The systemd debate

Systemd: Harbinger of the Linux apocalypse

It might not be the end of the world, but the design of systemd and the attitudes of its developers have been counterproductive

The systemd debate

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Now that Red Hat has released RHEL 7 with systemd in place of the erstwhile SysVinit, it appears that the end of the world is indeed approaching. A schism and war of egos is unfolding within the Linux community right now, and it is drawing blood on both sides. Ultimately, no matter who "wins," Linux looks to lose this one.

The idea behind systemd was to replace the aged Init functionality and provide a sleek, common system initialization framework that could be standardized across multiple Linux distributions. systemd promised to speed up system boot times, better handle race conditions, and in general, improve upon an item that wasn't exactly broken, but wasn't as efficient as it could be.

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As an example, you might be able to produce software that could compile and run on numerous Linux distributions, but if it had to start at boot time, you could be required to write several different Init-style boot scripts, one for each supported distribution. Clearly this is inelegant and could use improvement.

Also, there was the problem that traditional Init is slow and bulky, based on shell scripts and somewhat random text configuration files. This is a problem on systems that need to boot as fast as possible, like embedded Linux systems, but is much less of a problem on big iron that takes longer to count RAM in POST than it does to boot to a log-in prompt. However, it's hard to argue that providing accelerated boot times for Linux across the board is not a good thing.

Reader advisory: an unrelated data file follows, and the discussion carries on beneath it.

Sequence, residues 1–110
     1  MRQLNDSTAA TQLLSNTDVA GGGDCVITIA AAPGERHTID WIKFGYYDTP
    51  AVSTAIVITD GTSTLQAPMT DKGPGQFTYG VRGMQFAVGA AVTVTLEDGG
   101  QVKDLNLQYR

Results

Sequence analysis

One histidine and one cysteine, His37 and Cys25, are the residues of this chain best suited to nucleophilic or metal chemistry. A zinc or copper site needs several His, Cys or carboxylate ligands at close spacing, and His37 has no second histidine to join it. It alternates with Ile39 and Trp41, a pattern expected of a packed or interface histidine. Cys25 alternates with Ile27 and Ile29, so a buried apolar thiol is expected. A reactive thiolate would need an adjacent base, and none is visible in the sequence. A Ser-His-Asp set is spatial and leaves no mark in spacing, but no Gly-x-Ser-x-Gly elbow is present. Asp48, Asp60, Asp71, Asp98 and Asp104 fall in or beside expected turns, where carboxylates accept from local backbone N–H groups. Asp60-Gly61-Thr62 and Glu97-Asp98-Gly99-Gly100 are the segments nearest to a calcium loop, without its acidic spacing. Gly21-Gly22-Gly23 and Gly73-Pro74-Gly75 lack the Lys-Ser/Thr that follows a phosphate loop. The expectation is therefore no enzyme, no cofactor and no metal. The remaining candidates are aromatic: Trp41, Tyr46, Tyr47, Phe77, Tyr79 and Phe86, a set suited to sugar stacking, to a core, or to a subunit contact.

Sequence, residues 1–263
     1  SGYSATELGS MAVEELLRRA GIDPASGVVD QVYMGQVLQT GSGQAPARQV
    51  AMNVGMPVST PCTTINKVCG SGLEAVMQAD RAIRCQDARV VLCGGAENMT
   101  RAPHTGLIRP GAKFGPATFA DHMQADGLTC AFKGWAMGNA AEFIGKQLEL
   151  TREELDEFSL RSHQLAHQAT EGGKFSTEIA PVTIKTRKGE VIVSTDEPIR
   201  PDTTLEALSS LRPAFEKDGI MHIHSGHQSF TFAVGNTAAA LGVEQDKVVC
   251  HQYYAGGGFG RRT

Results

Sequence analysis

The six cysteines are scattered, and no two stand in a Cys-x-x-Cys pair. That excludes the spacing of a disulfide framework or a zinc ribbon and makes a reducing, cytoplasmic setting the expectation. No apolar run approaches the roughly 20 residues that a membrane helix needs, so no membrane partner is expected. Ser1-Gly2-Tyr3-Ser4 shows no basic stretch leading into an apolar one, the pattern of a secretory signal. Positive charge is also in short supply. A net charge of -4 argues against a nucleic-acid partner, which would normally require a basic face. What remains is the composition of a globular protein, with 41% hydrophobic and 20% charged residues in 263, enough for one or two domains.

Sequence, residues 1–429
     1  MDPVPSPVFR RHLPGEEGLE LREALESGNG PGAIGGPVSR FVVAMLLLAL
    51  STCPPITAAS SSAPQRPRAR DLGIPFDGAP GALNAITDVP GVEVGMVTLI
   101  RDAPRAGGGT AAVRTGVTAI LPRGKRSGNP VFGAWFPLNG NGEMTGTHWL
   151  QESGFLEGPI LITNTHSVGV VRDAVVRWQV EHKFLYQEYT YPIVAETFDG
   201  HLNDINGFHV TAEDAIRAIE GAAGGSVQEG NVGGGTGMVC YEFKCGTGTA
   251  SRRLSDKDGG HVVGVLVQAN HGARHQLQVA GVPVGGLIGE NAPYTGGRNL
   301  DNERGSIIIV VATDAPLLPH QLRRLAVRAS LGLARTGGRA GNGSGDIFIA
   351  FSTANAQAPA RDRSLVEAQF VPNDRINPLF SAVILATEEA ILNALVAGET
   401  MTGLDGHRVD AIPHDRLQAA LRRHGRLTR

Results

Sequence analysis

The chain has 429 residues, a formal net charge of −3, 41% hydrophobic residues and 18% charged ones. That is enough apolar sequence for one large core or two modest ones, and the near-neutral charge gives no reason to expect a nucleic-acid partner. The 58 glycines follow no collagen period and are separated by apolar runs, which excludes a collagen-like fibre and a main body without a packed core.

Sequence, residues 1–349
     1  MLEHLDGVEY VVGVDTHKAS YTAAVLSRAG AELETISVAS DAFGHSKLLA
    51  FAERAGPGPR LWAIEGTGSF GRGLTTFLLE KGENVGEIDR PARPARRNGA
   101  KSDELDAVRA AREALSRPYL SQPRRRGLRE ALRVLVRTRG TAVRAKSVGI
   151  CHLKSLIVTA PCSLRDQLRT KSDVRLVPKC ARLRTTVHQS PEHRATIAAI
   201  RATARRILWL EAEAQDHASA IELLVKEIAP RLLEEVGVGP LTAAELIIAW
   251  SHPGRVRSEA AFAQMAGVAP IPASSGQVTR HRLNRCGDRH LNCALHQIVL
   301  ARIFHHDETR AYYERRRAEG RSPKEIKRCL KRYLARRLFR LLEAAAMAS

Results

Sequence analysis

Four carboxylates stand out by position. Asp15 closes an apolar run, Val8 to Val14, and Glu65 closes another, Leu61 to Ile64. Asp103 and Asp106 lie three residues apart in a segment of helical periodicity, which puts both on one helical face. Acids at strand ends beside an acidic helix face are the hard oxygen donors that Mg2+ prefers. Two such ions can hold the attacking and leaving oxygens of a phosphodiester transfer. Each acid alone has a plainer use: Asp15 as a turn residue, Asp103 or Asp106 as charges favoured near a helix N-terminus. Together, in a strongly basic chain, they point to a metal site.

These are all laudable goals, and systemd wasn't the first project aimed at achieving them. It is, however, the first such project to gain mainstream acceptance. This is in no small part due to the fact that the main developers of systemd are employed by Red Hat, which is still the juggernaut of Linux distributions.

Red Hat exerted its considerable force on the Linux world. Thus, we saw systemd take over Fedora, essentially become a requirement to run the GNOME desktop, then become an inextricable part of a significant number of other distributions (notably not the "old guard" distributions such as Gentoo). Now you'd be hard-pressed to find a distribution that doesn't have systemd in the latest release (Debian doesn't really use systemd, but still requires systemd-shim and CGManager).

While systemd has succeeded in its original goals, it's not stopping there. systemd is becoming the Svchost of Linux -- which I don't think most Linux folks want. You see, systemd is growing, like wildfire, well outside the bounds of enhancing the Linux boot experience. systemd wants to control most, if not all, of the fundamental functional aspects of a Linux system -- from authentication to mounting shares to network configuration to syslog to cron. It wants to do so as essentially a monolithic entity that obscures what's happening behind the scenes.

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